Walesa (was Goethe (and was: Which and Falaqa))

Dennis R. Preston preston at PILOT.MSU.EDU
Fri Dec 6 12:42:06 UTC 2002

Why do some 'wrong' foreign pronunciations cause a shudder among the
well-educated and others not even get a wink. Nobody ever shuddered
when Lech Walesa (two Polish letters missing - hook on the 'e', bar
on the 'l') got called stuff far away from the phonotactically
possible English (and very close to accurate Polish) Vah-WEN-sah?
(Stressed syllable in caps.)

Could it simply be that poor old Lech is not part of a literary canon?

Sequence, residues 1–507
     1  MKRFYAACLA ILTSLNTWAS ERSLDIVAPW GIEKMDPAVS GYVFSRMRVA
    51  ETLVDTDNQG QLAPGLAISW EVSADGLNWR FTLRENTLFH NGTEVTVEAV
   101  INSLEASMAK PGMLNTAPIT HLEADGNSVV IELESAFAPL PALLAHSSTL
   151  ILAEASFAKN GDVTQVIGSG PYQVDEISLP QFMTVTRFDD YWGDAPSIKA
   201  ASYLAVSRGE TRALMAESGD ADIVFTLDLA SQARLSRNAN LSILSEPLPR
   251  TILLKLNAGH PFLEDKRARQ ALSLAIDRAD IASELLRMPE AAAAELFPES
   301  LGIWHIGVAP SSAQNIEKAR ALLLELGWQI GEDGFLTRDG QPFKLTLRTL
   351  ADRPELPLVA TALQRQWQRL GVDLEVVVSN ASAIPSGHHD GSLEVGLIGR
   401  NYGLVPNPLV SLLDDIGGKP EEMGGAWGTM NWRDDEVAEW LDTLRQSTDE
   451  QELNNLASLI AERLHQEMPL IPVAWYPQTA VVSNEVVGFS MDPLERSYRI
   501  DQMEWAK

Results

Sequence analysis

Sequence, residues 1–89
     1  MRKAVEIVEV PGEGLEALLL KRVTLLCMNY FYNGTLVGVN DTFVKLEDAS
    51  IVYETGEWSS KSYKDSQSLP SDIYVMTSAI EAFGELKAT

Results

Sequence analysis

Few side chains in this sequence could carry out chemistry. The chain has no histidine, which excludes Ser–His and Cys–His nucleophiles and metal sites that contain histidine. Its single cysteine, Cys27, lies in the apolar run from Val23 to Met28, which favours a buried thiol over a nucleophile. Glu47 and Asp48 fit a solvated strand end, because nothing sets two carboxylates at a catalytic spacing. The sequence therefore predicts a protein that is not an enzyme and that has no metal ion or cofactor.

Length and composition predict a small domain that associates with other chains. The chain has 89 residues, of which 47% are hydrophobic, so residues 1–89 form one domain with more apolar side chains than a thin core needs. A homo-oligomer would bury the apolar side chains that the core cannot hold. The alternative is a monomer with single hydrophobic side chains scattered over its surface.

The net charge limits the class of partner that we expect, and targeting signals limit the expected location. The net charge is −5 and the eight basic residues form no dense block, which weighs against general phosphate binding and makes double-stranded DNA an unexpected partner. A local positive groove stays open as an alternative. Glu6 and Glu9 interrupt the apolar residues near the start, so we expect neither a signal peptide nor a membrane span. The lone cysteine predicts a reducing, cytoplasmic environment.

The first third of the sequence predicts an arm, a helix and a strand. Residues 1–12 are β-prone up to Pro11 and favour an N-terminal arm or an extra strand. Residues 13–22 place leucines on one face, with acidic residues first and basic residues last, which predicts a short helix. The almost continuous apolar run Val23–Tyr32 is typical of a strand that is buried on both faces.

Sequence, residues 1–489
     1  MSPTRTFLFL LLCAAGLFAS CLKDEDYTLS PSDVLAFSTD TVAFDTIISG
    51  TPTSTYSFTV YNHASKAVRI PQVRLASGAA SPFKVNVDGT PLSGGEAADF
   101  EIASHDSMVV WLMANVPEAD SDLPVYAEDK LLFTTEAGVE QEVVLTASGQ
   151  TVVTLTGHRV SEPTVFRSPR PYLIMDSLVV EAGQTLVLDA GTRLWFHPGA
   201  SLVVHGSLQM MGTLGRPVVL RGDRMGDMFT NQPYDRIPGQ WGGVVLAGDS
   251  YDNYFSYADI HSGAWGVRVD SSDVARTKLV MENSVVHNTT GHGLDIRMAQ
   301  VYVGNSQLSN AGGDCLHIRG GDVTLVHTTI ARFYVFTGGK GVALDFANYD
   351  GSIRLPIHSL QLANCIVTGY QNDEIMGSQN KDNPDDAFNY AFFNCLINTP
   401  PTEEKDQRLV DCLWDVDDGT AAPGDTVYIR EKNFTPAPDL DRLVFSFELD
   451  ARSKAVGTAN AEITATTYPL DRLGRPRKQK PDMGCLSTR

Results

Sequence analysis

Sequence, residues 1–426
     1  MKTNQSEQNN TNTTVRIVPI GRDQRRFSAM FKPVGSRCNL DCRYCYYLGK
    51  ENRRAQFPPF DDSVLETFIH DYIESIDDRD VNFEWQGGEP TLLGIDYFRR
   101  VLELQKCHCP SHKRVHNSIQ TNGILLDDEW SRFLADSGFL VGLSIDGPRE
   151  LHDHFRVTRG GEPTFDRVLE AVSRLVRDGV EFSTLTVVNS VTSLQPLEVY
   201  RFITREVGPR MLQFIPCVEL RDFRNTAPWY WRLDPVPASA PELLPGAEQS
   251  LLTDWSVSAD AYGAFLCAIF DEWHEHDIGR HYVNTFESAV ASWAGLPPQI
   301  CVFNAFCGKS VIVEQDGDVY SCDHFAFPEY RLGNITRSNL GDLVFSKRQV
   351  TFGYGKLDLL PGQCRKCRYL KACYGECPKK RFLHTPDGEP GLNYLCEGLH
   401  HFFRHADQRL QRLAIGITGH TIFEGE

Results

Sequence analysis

PS: Actually, the above string is of course phonotactically
impossible for speakers of more standard dialects of US English. The
representation should be vah-WIN-sah, since SUSE (Standard US
English) lack /E/ (the vowel of 'bet') before nasals.

>Yep, you're told right. (shudder!)
>>  Unless they're pronouncing the name of the street in Chicago, which
>>  (I'm told) is something approximating "go-EE-thee", not "GUR-tuh".

Dennis R. Preston
Professor of Linguistics
Department of Linguistics & Germanic, Slavic,
      Asian & African Languages
Michigan State University
East Lansing, MI 48824-1027
e-mail: preston at
phone: (517) 353-9290

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